S&P slides as push and pull of recovery narrative and Treasury yields continues
The Dow was the only major average in the green for most of the day, but it eventually joined the other indexes in the red by the close. The Nasdaq remained the day's underperformer from the opening to the closing bell. The tug of war on sentiment continues, with the recovery narrative supported by upbeat news on vaccines and widespread expectations for more stimulus. However, inflation worries, the improving growth outlook and the very same stimulus hopes are driving Treasury yields higher, which undercuts equity valuations.
ECONOMIC EVENTS: In the U.S., ADP reported private payrolls increased 117,000 in February, which was well below Bloomberg's consensus forecast of 205,000. The final Markit services PMI for February rose 1.5 points to 59.8 from a 58.3 reading in January. However, the ISM services index dropped 3.4 points to a 9-month low of 55.3 in February, missing expectations.
In Federal Reserve news, the Fed said in its latest Beige Book that economic activity "expanded modestly" from January to mid-February for most districts, with most businesses remaining optimistic regarding the next 6-12 months as COVID-19 vaccines become more widely distributed. The Fed also noted that employment levels rose in most districts and that nonlabor input costs rose moderately during the period.
TOP NEWS: Shares of Dollar Tree (DLTR) closed 3% higher after the discount retailer reported better than expected fourth quarter earnings, with enterprise same-store sales increasing 4.9% year-over-year on a constant currency basis. In addition, the retailer guided for 600 store openings in fiscal 2021.
In other earnings news, Nordstrom (JWN) shares fell 3.5% despite the department store operator reporting better than expected Q4 earnings and revenue and guiding for fiscal 2021 revenue growth of over 25%. Of note, however, the company said it is taking actions to "significantly reduce inventory levels" in the first quarter and be fully repositioned in the second quarter.
On the M&A front, shares of Michaels (MIK) surged over 22% higher after funds managed by affiliates of Apollo Global (APO) agreed to acquire the craft goods retailer in a transaction that values the company at an equity value of roughly $3.3B, for a transaction valued at $5B. Under the terms of the agreement, which has been unanimously approved by the Michaels board, Apollo will commence a tender offer to acquire all outstanding shares of Michaels for $22.00 per share in cash.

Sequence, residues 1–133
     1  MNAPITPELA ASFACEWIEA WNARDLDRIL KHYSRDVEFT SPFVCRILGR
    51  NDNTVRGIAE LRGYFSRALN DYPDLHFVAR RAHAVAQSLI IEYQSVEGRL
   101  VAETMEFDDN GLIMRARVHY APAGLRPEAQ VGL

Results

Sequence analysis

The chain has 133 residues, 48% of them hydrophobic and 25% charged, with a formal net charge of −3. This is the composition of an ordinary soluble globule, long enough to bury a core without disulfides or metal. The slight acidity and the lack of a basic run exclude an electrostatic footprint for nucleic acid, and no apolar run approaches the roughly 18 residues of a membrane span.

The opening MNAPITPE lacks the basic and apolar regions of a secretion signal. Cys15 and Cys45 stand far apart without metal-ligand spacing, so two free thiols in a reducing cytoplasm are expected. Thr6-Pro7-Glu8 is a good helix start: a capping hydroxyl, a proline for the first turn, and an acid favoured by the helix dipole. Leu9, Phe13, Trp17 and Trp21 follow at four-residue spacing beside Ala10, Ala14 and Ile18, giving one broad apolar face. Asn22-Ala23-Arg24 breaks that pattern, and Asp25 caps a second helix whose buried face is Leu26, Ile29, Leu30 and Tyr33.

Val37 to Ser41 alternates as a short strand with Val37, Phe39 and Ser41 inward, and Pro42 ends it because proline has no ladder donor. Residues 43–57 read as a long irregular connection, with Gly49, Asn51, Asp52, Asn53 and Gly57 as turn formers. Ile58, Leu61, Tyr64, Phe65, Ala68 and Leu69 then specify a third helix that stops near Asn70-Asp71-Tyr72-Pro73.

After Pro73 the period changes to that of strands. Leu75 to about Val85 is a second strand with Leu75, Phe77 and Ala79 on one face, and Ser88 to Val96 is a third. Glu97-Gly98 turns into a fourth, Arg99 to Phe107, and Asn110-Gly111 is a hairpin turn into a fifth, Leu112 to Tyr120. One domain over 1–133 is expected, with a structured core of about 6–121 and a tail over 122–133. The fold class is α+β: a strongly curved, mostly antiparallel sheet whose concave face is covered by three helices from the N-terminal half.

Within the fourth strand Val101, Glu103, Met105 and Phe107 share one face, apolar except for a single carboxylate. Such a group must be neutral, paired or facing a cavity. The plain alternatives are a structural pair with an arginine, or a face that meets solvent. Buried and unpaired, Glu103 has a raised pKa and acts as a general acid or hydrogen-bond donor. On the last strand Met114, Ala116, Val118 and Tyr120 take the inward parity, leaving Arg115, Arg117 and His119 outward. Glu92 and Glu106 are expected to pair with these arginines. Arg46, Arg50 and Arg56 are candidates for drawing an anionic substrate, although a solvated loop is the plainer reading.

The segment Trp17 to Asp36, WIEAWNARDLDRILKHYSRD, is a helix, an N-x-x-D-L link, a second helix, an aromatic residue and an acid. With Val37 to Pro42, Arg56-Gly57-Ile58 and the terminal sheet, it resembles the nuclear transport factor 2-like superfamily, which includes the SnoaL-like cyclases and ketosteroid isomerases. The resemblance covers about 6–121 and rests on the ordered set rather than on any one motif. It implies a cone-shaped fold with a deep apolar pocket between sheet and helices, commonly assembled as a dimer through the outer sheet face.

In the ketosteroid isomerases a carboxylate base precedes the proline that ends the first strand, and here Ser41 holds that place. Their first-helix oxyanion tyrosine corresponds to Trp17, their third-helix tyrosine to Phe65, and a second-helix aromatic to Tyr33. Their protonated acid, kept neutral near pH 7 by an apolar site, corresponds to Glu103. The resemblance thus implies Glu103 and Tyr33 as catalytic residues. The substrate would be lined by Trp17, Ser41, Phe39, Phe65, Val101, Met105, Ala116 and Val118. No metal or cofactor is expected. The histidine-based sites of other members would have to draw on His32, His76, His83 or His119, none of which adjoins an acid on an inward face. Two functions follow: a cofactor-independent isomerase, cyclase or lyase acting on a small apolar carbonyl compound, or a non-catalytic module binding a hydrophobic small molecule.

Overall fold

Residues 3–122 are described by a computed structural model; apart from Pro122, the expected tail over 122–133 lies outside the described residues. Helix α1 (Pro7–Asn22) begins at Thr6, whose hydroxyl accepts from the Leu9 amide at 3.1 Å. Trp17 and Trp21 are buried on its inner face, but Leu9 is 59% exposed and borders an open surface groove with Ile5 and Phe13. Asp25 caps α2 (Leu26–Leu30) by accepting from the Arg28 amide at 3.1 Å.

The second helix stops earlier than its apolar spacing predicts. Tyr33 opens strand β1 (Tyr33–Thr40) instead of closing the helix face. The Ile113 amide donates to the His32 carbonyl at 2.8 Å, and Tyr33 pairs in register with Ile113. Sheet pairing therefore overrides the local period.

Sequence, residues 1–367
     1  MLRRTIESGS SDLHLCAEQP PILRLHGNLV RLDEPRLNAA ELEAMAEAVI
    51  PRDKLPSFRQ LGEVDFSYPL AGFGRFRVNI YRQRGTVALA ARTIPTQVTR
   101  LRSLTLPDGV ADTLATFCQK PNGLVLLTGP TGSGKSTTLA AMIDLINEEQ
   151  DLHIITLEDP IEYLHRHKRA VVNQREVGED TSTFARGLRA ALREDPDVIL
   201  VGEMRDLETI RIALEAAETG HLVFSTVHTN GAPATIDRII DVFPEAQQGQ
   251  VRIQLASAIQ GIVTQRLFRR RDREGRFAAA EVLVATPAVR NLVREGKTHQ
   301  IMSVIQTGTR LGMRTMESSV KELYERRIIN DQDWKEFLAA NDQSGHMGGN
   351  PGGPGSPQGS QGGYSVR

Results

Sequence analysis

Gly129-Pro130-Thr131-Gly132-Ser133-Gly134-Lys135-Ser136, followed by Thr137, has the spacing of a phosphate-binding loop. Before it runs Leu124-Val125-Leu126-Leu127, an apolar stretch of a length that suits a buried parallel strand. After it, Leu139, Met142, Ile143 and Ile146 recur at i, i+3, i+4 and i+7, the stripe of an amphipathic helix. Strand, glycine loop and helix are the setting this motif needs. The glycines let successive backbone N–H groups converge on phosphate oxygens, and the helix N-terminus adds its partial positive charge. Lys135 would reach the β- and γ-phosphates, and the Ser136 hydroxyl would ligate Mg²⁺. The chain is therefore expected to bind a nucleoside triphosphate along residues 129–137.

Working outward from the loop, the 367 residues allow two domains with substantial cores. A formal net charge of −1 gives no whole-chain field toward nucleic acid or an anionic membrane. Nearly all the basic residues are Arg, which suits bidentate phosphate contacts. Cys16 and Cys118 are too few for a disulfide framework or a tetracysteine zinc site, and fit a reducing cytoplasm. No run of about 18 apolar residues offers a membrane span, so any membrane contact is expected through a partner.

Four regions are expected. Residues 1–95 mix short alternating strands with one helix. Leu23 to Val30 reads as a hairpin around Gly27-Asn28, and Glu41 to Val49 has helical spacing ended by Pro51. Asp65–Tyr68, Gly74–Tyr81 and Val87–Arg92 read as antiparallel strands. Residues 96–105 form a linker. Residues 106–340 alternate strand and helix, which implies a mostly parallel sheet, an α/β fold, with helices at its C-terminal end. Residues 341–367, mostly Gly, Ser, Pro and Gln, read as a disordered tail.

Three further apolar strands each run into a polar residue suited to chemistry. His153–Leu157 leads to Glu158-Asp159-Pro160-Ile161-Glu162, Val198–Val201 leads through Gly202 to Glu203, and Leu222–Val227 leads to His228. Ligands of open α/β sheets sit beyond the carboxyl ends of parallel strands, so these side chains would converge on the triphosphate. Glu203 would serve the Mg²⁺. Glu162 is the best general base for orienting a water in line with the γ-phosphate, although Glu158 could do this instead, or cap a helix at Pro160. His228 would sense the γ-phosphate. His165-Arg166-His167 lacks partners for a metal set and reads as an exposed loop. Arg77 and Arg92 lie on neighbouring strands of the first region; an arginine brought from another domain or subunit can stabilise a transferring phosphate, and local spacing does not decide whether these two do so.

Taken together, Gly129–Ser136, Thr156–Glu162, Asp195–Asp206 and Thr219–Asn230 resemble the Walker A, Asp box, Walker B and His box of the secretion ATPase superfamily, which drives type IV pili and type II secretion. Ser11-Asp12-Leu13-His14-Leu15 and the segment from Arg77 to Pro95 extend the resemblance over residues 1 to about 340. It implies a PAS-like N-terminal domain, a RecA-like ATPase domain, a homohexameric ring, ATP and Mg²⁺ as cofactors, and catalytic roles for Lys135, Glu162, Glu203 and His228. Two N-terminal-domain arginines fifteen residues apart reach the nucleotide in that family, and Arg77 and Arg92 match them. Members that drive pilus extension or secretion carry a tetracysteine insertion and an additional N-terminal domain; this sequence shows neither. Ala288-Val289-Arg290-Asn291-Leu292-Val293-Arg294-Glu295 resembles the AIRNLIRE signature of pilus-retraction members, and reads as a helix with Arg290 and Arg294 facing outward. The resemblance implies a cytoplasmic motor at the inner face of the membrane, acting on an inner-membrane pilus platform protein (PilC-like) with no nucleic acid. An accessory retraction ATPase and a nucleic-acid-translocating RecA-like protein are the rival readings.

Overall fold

In other M&A news, Las Vegas Sands (LVS) announced that it entered into definitive agreements to sell its Las Vegas real property and operations, including The Venetian Resort Las Vegas and the Sands Expo and Convention Center, for an aggregate purchase price of approximately $6.25B. Under the terms of the agreement, an affiliate of funds managed by affiliates of Apollo Global will acquire subsidiaries that hold the operating assets and liabilities of the Las Vegas business for approximately $1.05B in cash and $1.2B in seller financing in the form of a term loan credit and security agreement, and VICI Properties (VICI) will acquire subsidiaries that hold the real estate and real estate-related assets of The Venetian for approximately $4B in cash.
Meanwhile, General Motors (GM) was in focus after Bloomberg reported that Cruise, the self-driving vehicle company majority owned by GM, is in discussions to buy Voyage, an autonomous technology startup. If a deal is reached, it would combine Cruise's engineering and software capabilities with Voyage's presence in the retirement community market, according to Bloomberg.
The Wall Street Journal reported that activist investor Starboard Value has taken a stake in Elanco Animal Health (ELAN) and nominated three directors to the company's board. The exact size of Starboard's stake-and specifically what the fund intends to advocate at Elanco-couldn't be learned, though it tends to make sizable investments in companies it targets, according to the Journal.
Additionally, Reuters reported that Samsung (SSNLF) is evaluating two sites in Arizona and another in New York in addition to Austin, Texas, for a new $17B chip plant.
MAJOR MOVERS: Among the noteworthy gainers was Ovid Therapeutics (OVID), which surged 36.5% after announcing that Takeda (TAK) has entered into an exclusive agreement under which it will secure global rights at closing from Ovid to develop and commercialize the investigational medicine soticlestat. Also higher was Lyft (LYFT), which gained 8.2% after raising its Q1 adjusted EBITDA guidance. In addition, KemPharm (KMPH) jumped 42.8% after announcing FDA approval of its new drug application for Azstarys.
Among the notable losers was Vir Biotechnology (VIR), which dropped 27.6% after the Data and Safety Monitoring Board recommended that the VIR-7831 arm of the NIH's Accelerating COVID-19 Therapeutic Interventions and Vaccines Program Phase 3 clinical trial be closed to enrollment. Also lower was Wendy's (WEN), which fell 5.5% after reporting quarterly results.
INDEXES: The Dow fell 121.43, or 0.39%, to 31,270.09, the Nasdaq lost 361.03, or 2.70%, to 12,997.75, and the S&P 500 declined 50.57, or 1.31%, to 3,819.72.